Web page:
As part of her Design course at the Universität der Künste Berlin (Berlin University of the Arts), student Amelie Graf has developed a sustainable packaging. What is ingenious about it is that the packaging is edible and thus itself becomes food! JELUCEL® cellulose powder was used as a raw material in this. The design student has now been nominated for the German Sustainability Award Design (DNP Design) with her edible food packaging, called the Meal Bag.
How it all started
The starting point for Amelie Graf’s Master’s project was the question: “How do we manage materials?” She wanted to investigate how stone behaves and what can arise from this. She gathered samples from a nearby limestone quarry. The decision to pick stone as a material was based on her father’s occupation as a sculptor. During her numerous material studies, the environmentally aware student hit upon the idea of creating a bioplastic from powdered limestone, starch and birch cellulose.
A dual-purpose material
It took her several months to develop a bioplastic, but Amelie Graf wanted more. Her bioplastic shouldn’t just be a packaging – it should also be edible. She wanted her product to offer a dual benefit.
Support from JELU-WERK
While searching for a suitable cellulose approved for foodstuffs, the design student came across JELU-WERK. The company was receptive to her proposed project and lent support for it. Furnished with JELUCEL® cellulose powder in different fibre lengths, Amelie Graf conducted further experiments. The kitchen at home was turned into a testing laboratory.
From sustainable to edible packaging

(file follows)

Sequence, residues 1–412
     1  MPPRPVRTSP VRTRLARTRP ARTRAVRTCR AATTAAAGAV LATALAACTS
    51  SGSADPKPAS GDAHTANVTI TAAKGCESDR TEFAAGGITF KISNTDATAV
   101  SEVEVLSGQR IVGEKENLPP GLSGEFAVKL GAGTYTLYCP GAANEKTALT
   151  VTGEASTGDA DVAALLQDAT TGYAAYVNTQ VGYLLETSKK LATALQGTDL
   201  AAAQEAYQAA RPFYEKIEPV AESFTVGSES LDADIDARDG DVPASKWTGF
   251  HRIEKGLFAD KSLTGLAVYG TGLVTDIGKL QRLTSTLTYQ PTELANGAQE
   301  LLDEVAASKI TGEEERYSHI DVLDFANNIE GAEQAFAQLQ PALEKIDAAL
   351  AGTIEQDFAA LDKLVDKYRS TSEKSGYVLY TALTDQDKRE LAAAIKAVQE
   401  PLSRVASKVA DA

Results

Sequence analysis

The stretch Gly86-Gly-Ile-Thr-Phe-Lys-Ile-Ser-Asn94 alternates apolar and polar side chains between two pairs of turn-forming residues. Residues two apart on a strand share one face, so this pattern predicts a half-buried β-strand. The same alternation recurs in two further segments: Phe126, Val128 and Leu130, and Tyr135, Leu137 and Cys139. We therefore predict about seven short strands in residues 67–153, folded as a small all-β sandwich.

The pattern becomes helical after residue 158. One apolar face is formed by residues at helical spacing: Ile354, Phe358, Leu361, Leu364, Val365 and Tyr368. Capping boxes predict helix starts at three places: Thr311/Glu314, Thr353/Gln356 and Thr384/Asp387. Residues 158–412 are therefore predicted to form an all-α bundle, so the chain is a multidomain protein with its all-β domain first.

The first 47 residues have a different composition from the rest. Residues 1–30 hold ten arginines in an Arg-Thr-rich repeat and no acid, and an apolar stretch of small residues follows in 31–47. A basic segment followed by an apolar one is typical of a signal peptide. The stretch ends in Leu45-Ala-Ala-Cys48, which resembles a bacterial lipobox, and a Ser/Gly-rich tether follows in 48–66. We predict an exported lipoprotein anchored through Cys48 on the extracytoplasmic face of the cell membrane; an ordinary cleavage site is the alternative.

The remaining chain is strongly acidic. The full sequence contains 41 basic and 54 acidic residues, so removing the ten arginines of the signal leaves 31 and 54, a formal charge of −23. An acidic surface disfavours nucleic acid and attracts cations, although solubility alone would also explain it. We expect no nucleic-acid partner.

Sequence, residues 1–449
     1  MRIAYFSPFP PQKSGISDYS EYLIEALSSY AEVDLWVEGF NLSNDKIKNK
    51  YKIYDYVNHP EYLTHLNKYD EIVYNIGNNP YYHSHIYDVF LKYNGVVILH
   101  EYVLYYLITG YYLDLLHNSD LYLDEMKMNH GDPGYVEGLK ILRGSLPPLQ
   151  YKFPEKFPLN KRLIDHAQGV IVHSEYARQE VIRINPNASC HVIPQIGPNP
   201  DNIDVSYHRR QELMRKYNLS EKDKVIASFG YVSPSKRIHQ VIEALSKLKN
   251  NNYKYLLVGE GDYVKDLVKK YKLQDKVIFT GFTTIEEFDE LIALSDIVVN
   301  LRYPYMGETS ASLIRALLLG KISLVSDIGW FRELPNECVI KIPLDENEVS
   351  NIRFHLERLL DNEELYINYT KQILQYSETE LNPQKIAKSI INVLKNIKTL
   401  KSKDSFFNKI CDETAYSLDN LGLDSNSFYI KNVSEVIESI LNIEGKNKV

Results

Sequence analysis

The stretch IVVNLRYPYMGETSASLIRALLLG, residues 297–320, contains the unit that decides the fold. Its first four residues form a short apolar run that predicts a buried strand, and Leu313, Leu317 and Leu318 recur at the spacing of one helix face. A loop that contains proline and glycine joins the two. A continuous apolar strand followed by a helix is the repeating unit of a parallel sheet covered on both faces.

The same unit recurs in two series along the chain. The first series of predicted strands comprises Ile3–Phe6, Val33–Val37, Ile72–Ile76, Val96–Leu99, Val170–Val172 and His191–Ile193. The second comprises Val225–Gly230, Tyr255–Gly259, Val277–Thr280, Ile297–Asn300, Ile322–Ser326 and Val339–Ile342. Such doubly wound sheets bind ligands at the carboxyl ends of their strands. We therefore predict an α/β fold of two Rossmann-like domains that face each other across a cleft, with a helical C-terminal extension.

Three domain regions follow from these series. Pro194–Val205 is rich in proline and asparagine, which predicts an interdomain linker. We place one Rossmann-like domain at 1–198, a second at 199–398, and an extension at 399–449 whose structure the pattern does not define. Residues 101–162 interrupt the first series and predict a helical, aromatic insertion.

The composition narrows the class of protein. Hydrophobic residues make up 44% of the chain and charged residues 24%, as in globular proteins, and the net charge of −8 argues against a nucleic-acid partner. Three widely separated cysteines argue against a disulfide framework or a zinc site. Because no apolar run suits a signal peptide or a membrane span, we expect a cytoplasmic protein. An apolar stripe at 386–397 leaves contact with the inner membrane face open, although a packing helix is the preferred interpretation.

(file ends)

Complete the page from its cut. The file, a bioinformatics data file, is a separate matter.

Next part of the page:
The Berlin student blended the ingredients and varied the recipes countless times on her cooker. When she ran out of cellulose, JELU-WERK sent more. She worked meticulously on it until the material she had developed felt like plastic and was suitable as a packaging material.
In the Meal Bag, Amelie Graf has developed a sustainable product that portrays packaging in a new light. Her innovative product can help to bring greater environmental awareness even to people who do not actively subscribe to ecological ideals.
Sustainable packaging as food
The chief constituents of the sustainable packaging are JELUCEL® cellulose powder and corn starch. The novel packaging is suitable for foods such as pasta, beans, soup vegetables and many other items. It contains cellulose powder approved for foodstuffs and provides valuable dietary fibre. It also binds liquids and functions as a sauce thickener in cooking. The packaging just needs to be washed thoroughly, like vegetables, and cut into pieces.
An ecological alternative to plastic packaging
Amelie Graf’s Meal Bag is a 100% plastic-free packaging that dispenses the food, protects it from external influences and keeps it airtight. It also helps to reduce the amount of plastic waste generated by the retail trade.
Consumers are becoming more environmentally aware and calls for sustainable packaging are getting louder. The Meal Bag therefore offers a genuine alternative, closing the natural material cycle because:
- It is edible
- It is compostable within a short time
- It can be recycled
Nominated as a visionary product
With her edible packaging, Amelie Graf has created a visionary product. The Meal Bag has been nominated for the German Sustainability Award Design (DNP Design) in the “Visions” category. The DNP is being awarded for the first time this year. This novel packaging is synonymous with exemplary sustainability and deserves recognition as such. We wish Ms Graf every success with her Meal Bag!
Pictures by Amelie Graf, portrait of Amelie Graf by Paul Pankow